Simple Strategies for Turning Your Mailing List into a Long-Term Profitable Asset
FOCUS: Nurturing Your List
To turn your list into a long-term asset, you’ve got to really understand your subscribers and deliver value consistently.
But make no mistake – delivering value doesn’t mean knocking yourself out silly with work. Use the tips in this post to build a strong rapport with your audience, all the while keeping things as simple as possible.
And if you still need to build your subscriber list…or just want more subscribers who can't wait to buy your stuff, join us for the training here.
Write Simple Emails:
Your email writing efforts needn’t be complicated. In fact, in my experience they should be kept really quite SIMPLE because it’s easier and because your more likely to get more results. If you’re busting your butt trying to publish a full-blown weekly newsletter, really consider giving yourself a break.
Think of it this way. People are busy and with few exceptions, experience email overload. Why load them up even more?
Keep your messages short, simple and focused on one thing or a couple things at a time. This allows your readers to quickly absorb your message and decide whether or not to take action on your call to action.
Many people think that if they offer more content, more sections, etc…they are more likely to provide something that appeals to more subscribers. But from our experience (and from the reports of many others), MOST of your readers aren’t reading past the first section of your ezine anyway. The lower down the content appeared in my, the less people took action on what you want them to do. Whether it was to a click a link for information or to buy a product, if the information isn’t in the first section, the response tends to diminish.
Why work so hard if very few people are paying attention?
Overall, you want your readers to be trained to respond to your calls to action. And if you’re just adding extra stuff hoping to capture a few extra people, I suggest cutting out the fat and putting more effort into that first section.
Keep Your Writing “Personal”
Email is personal communication. It’s generally one person to another. Follow that model in your marketing.
Imagine yourself writing to one person and use language that you’d use if writing to just one person at a time. Don’t address your readers as a group. For example, “I know many of you…” Address your subscriber as that one important individual they are. The language is far more powerful.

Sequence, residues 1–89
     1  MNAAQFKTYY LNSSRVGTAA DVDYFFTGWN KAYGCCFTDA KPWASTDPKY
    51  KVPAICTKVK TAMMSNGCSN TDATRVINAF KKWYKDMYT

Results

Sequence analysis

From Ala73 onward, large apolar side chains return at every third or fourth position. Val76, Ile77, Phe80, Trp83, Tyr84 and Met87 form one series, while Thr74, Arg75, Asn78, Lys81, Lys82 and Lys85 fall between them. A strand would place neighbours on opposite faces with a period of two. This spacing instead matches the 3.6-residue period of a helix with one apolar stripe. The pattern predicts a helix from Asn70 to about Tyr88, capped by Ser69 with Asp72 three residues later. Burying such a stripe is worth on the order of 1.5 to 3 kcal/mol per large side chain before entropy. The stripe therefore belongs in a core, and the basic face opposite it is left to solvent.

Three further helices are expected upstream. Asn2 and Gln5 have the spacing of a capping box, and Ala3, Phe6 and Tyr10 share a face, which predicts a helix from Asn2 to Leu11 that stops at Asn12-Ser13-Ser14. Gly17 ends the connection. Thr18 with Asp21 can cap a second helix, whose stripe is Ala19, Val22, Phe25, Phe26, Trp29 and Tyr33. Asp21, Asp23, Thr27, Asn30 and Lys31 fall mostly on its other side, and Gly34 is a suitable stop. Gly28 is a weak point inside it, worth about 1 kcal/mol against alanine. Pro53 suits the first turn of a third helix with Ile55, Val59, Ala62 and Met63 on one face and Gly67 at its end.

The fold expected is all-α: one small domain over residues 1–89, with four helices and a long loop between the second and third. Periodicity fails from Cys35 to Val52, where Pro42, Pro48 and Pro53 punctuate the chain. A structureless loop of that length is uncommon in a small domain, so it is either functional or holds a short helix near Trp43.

For example, if you write: “I know many of you are looking for a…”
As opposed to…
“I know you are looking for a…”
Which do you think is more powerful? In the first case, your reader can immediately exclude themselves from the offer because you said “many”. That might not include that particular reader. In the second instance, you are stating it directly to your intended audience.
You may be sending out your email to thousands of people, but each of your subscribers is reading it one by one. Address them that way.
From Line is Important:
Who is your email from? If you want to establish that personal connection and gain trust, the from line should have your personal and full name. You can use your company name if you want to build that reputation, but try to include a personal name with it, if possible.
Keep Your Email Address Consistent:
Emails end up in junk folders or get filtered altogether. It sucks, but it happens.
One way you can curb this is by using a consistent email address for all your mailing list communications and getting your subscribers to whitelist you or add you to their address book.
Email More Often:
Here’s another easy way to get over the obstacle of being afraid to do pure promotional emails. Just email your list with content more often, so when you slip in regular promos…the amount of content they receive in comparison still prevails.
Remember, you don’t have to write big fancy ezines with all kinds of sections and departments, just short simple emails that provide good value to your readers. Basically, instead of bombarding them with a ton of information all at once, you’re now giving it to them in bite-sized chunks.
Of course, you need to test out the volume of email your list can bear, but if you’re providing stellar stuff…I bet they’ll want to hear from you more often.
Your readers will appreciate your promotions, especially when you take the time to research and review everything thoroughly. In fact, your readers will come to expect you to do a lot of the hard work for them…but don’t worry this work is profitable for you!
If you are known for your research, your readers will wait to see your opinion on something and will want to know what you recommend. It’s a big, but profitable responsibility.
Honesty is the Best Policy
When you do your research, report it in an honest way and that will solidify your reputation with your readers even further.
When you investigate a product, avoid coming back and telling your reader’s it’s the greatest thing since sliced bread…because not everybody eats the same kind of bread.
Sure, you might think the product is really terrific, but break it down for your readers and identify:
- Who the product is for (ex. beginner rose gardeners only).
- What problems you personally see the product solving.
- Any potential drawbacks of the product.
Don’t be afraid to share any constructive negatives because that makes your promotion REAL. For example, you can tell them that the baby stroller you’re recommending doesn’t come with a drink holder, but the other features totally make up for it. Besides, an attachable drink holder can be purchased at very little extra cost.
What to Do Next:
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